Monday, February 1, 2010

Pain and Pet Care




One of the most important questions I am asked in my practice has to do with quality of life issues.  The most important aspect of that quality is living a pain free life. It is important to understand where pain originates and how to evaluate the symptoms that are exhibited by a pet in pain.
Historically it was thought that animals did not perceive pain the same way as humans.  Additionally, it was suggested that pain following surgery or injury was beneficial to animals because it limited movement and thus prevented further injury.
Today there is a better understanding of how pain develops. It is now well established that animals and humans have similar neurological pathways for the development, conduction, and modulation of pain. 
Preventing risk factors early in life reduces the development of pain later in life. For example, providing lifelong dental care reduces the development of oral pain caused by periodontal disease. Preventing obesity reduces the incidence and severity of osteoarthritis in breeds prone to hip dysplasia and the risk of intervertebral disc disease in breeds such as the dachshund.
When I examine a pet, I always check the following organ systems and locations that can become  sources for pain:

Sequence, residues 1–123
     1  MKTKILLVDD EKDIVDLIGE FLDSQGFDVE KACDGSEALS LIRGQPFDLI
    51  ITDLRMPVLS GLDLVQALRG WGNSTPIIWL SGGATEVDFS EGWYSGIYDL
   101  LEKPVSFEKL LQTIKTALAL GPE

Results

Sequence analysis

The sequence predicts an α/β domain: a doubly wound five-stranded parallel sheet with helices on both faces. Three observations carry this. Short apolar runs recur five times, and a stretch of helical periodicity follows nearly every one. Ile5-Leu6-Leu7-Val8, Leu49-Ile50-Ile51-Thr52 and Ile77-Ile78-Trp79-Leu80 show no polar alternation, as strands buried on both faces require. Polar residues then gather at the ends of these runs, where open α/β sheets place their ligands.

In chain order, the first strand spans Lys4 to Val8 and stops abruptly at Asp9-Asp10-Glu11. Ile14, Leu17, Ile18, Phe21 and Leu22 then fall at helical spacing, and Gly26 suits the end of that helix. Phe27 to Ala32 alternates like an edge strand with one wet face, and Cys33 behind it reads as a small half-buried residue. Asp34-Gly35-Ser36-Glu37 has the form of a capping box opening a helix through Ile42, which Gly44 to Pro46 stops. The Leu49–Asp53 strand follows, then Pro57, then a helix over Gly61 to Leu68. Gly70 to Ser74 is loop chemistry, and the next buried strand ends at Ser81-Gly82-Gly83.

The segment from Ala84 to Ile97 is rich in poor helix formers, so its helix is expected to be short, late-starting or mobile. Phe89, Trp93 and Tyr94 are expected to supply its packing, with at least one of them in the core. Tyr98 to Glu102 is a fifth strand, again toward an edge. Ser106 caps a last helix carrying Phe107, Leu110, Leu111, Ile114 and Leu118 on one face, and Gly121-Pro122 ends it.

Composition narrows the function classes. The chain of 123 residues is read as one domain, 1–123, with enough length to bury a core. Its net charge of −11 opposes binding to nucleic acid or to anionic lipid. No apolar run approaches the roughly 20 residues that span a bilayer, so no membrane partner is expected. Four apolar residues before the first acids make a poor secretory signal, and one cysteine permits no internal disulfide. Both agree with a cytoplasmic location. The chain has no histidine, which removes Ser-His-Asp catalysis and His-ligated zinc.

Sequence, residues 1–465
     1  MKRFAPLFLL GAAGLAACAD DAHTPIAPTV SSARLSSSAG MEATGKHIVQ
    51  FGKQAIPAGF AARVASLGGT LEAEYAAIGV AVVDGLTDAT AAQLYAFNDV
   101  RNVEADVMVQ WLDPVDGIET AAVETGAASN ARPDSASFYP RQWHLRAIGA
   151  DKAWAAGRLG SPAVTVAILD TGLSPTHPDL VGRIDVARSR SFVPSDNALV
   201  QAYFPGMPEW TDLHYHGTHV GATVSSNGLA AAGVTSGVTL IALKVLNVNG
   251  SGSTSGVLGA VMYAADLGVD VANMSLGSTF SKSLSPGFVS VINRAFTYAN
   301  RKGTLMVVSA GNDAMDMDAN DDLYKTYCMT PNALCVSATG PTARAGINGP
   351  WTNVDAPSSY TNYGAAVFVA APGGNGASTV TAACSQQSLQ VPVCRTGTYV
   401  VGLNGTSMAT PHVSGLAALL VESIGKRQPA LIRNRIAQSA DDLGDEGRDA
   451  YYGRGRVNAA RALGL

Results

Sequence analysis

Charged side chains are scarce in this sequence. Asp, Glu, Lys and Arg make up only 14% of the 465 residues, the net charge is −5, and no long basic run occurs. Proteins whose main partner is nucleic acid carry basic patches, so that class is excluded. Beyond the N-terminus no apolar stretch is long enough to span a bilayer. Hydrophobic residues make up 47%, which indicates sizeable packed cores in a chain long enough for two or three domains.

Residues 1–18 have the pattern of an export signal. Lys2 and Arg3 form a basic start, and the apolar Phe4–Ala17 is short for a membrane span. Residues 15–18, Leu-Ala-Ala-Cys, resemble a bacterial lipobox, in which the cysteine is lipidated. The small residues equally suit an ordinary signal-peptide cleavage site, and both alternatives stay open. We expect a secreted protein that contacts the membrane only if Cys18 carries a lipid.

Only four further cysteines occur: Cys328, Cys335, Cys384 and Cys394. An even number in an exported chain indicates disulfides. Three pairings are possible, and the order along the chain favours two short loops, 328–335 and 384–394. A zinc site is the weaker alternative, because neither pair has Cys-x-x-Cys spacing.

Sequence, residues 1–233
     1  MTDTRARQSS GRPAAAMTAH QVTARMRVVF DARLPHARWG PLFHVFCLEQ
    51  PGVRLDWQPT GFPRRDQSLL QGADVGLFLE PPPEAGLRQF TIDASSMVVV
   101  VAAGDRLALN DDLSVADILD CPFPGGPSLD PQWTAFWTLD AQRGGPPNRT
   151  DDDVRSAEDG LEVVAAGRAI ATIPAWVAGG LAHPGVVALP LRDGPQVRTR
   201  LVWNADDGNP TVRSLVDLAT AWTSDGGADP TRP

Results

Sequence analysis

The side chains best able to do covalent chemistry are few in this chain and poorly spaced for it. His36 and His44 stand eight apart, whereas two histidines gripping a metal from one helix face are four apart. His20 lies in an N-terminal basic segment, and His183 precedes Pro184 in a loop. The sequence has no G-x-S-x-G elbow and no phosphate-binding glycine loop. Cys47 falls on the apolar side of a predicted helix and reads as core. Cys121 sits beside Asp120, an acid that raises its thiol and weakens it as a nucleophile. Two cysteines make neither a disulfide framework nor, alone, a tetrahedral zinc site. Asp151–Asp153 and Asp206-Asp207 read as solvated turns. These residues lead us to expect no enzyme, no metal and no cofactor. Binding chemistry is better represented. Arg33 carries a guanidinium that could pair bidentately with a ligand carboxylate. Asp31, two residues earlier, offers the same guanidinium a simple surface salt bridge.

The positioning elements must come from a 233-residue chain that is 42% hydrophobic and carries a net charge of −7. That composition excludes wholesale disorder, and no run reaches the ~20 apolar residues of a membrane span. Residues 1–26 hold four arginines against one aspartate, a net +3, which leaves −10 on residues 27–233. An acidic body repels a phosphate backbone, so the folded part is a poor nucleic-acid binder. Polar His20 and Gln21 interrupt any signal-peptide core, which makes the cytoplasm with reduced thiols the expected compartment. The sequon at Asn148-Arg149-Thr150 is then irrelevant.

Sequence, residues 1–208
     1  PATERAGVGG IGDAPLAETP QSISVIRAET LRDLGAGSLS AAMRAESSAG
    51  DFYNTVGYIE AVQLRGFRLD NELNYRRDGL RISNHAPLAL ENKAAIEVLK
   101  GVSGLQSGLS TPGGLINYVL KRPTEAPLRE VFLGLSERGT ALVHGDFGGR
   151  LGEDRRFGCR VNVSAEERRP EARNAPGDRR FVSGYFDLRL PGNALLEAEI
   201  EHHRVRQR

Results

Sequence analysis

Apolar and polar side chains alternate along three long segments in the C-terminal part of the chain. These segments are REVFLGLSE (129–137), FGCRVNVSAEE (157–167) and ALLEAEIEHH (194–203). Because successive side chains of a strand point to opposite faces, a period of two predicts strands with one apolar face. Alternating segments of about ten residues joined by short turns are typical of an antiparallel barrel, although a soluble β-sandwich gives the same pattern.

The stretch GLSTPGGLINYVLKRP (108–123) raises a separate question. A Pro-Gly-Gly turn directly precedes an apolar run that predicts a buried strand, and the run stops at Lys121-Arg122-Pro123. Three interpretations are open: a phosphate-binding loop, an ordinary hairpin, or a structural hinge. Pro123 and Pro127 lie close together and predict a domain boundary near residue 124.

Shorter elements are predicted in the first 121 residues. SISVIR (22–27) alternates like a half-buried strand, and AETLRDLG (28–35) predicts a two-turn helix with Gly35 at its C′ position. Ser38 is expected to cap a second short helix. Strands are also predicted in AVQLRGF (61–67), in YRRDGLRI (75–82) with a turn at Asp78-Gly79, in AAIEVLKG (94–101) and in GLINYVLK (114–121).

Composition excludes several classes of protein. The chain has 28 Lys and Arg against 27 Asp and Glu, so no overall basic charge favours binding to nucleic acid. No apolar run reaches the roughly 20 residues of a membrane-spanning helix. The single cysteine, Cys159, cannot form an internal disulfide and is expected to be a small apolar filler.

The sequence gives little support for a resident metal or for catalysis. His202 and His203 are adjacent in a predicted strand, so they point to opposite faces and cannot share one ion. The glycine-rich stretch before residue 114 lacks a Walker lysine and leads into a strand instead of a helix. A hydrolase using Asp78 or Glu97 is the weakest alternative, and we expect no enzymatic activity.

The heart can have congestive heart failure and create risk for blood clots. The skin is involved with ear infections, burns, wounds, abscess, urine scalding and severe itchiness.
 Dental pain comes from abscess, ulcers, oral tumors and periodontal disease. The abdomin can reveal constipation, anal sac disease, pancreatitis, obstruction and foreign bodies. Pain involving muscle and bones include arthritis, disc disease, trauma, tendon and ligament injuries.
 We see pain originating from eyes with corneal lesions, ulcers, glaucoma and conjunctivitis. In the urinary tract, bladder and kidney stones, bladder infections and urethral obstruction in cats can all result in pain.
In addition to the above, neurological causes for pain include spinal pain from disc diseases and neurological consequences of diabetes. Cancer in any form is a source of pain.
One general sign of pain is a change in normal behavior. This includes lameness, lethargy, decreased appetite, decrease in grooming, and a decrease in movement or activity.
The expression of abnormal behaviors can be a sign of pain.  Vocalization, inappropriate elimination, decreased interaction with family members and other family pets, altered facial expression, restlessness, pacing, hiding and changes in posture all fit in the definition of abnormal behaviors that can result from painful conditions.
The reaction to touch or palpation is another potential sign to look for when trying to determine levels of pain.  This can be seen as a tightening or increased body tension when gently touching certain body parts like the abdomen or limbs.
Other symptoms of pain are reflected by physiological parameters.  These include a more rapid heart and respiratory rate, increase or decrease in body temperature and dilation of the pupils.
We have the ability to mitigate the consequences of pain and improve the quality of life of our pets by having an awareness of ways to prevent the diseases that cause pain and determining the cause of pain when it appears. Your veterinarian has the ability to diagnose the source of the pain and select a treatment regimen, which can include a choice of several drugs or surgery that can alleviate the discomfort and hopefully cure the disease which is causing it.

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